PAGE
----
Approximately 138 Pulaski County residents have been facing unsafe drinking water since 2014, according to the Public Service Commission.

Approximately 138 Pulaski County residents have been facing unsafe drinking water since 2014, according to the Public Service Commission.
Homeowners in the Ridge Creek subdivision have been boiling their water, with 15 wells under a boil advisory, while another remains on a boil order mandated by the Missouri Department of Natural Resources (DNR).
    The water and sewer systems of Ridge Creek have been under scrutiny for some months. On June 27, Edwin Martinez, a tenant of the Ridge Creek Subdivision, posted publicly on Facebook that in July of 2014, the Missouri Public Service Commision (MPSC) filed a complaint against Ridge Creek Development, alleging “Ridge Creek Development failed to provide safe and adequate service, and the company does not engage in water quality testing or treatment to ensure its safety for human consumption.”
In May of 2017, the MPSC  appointed an interim legal receiver, Terry Jarrett, to assume control and responsibility for the day-to-day water operations of the Ridge Creek Water Company and Ridge Creek Development. Jarrett’s immediate duty was to “protect the public from the threat of unsafe and inadequate water service,” according to a release issued at the time by the MPSC. The petition to appoint Jarrett as receiver was filed by Public Service Commision staff.
    Ridge Creek residents recently received communication notifying them of the most recent boil advisory taking effect on Wednesday, July 15.
    The boil order was issued due to contamination in several of the subdivision’s wells. Each of the wells supply water to multiple homes. The cause of the contamination is said to be the current water and sewer system put in place by the developers of the Ridge Creek Subdivision.
    Zach Shepard, Operations Manager for Pulaski County Sewer District 1, said the sewer district stance on this issue is that the subdivision was not constructed to their standards, and the development currently lies outside of their jurisdiction. For them to come in and take control of the problem would require the consent of the developers and a decent amount of funds.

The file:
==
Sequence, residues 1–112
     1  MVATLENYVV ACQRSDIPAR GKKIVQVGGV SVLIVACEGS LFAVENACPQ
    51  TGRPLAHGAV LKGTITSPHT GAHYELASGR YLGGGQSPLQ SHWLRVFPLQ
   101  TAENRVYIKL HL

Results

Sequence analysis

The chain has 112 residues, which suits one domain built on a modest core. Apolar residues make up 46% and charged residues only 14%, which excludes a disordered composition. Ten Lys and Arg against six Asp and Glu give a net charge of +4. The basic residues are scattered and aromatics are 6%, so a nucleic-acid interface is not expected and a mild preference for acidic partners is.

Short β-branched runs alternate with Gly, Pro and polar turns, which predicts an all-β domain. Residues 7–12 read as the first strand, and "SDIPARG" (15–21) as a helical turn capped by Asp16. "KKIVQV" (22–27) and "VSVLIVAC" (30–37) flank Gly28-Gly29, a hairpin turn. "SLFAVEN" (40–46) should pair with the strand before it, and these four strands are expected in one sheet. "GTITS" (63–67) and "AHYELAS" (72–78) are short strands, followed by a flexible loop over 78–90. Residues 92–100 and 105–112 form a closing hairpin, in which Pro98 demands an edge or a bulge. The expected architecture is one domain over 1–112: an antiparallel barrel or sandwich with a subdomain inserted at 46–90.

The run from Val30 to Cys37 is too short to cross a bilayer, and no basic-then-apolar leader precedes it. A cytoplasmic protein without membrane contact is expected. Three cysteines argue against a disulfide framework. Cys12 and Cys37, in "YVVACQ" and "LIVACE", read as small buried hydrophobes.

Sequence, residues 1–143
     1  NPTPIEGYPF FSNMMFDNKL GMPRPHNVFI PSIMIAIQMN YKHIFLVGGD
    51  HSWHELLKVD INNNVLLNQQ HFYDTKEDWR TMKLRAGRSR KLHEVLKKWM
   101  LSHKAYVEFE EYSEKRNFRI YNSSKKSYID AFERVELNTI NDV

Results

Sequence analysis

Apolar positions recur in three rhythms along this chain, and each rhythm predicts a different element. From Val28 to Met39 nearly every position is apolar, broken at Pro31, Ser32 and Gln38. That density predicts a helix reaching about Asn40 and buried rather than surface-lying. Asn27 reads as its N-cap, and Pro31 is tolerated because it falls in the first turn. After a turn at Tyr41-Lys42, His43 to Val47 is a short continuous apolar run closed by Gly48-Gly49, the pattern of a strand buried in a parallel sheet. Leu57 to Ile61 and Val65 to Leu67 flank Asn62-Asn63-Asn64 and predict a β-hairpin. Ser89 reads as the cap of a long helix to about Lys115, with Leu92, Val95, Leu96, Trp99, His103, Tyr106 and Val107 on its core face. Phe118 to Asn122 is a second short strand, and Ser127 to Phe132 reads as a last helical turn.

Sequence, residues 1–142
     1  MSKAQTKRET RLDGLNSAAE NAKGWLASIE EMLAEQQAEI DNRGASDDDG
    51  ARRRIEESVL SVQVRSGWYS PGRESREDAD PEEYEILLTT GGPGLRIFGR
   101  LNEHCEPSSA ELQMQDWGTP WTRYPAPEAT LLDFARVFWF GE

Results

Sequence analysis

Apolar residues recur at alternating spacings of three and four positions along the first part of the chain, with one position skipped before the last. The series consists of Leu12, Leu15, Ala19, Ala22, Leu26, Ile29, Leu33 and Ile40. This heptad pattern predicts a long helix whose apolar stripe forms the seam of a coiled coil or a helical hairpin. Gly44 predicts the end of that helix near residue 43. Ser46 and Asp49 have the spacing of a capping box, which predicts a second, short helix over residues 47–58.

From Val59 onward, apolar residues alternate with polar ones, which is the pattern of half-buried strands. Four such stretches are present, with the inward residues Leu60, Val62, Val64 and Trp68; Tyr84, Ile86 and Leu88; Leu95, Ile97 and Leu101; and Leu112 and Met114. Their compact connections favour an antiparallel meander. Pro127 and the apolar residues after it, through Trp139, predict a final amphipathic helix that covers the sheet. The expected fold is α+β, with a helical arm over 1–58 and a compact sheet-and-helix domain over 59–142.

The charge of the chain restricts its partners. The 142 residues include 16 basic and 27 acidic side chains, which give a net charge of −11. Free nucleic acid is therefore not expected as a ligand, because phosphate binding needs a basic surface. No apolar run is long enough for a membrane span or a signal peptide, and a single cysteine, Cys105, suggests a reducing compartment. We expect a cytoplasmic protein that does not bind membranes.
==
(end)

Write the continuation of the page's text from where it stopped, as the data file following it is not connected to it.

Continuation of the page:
“As the district, we’d love to get in there and get it up to standard, but it’s a very costly venture for us,” Shepard explained.
    Pulaski County Assessor Don Mayhew said the development is currently using a STEP model sewer treatment system, which according to Mayhew, accounts for the bulk of the problem.
    “Of the different varieties of wastewater collections..the STEP system is the bottom of that rung,” he said. “It’s even lower than an on-site system. You would only use a STEP system as a last resort.”   
Mayhew explained that using a STEP system is usually reserved when a development is too far away from what he called a public owned treatment works. However in this case, Mayhew said Ridge Creek “wasn’t too far” from either Waynesville or St. Robert to use a different, more effective method.
“They had a lot of better options,” he said.
The Ridge Creek subdivision currently connects multiple houses to the same well, often three homes sharing the same well, which then connect to an aquifer underground.
“It’s allowable to drill one well to supply three homes,” said Mayhew, “but it’s certainly not recommended. In a development as dense as that one is, you would not recommend that...because of the potential for contaminated water.”
The wells utilized by the community are classified as domestic wells, those with access to an aquifer but are not sealed off from surface water. Mayhew explained that the more holes that are drilled, the higher the chances are of contamination.
“Domestic wells are a necessity in the rural area, absolutely,” he said. “But given another choice, in a development as dense as this one, you would do something different.”
Mayhew explained there were other options available to developers that would not have been financially burdensome to install.
“There were a lot of choices out there that were ignored, that would have been a better solution for that development,” he said.
Zach Shephard explained the Sewer District is looking into different avenues to help out the residents of Ridge Creek.
“It’s not the homeowner’s fault,” Shephard said. “They’re the ones suffering.”
According to their filings, Ridge Creek has incurred several expenses to due to replacing equipment and bringing the company in compliance with state regulations. Because of this, residents of Ridge Creek are also facing an increase of their water bill each month. According to a release issued by the MPSC, an agreement between the MPSC and Ridge Creek will allow the company to increase their annual water operating revenues by approximately $52,925,
The release states a residential water customer using 3000 gallons of water a month receives an average bill of approximately $24.68. The new order will increase this amount to approximately $48.92 per month.
The Daily Guide would like to speak to residents about this issue. If you would like to tell your story, please contact 573-336-3711.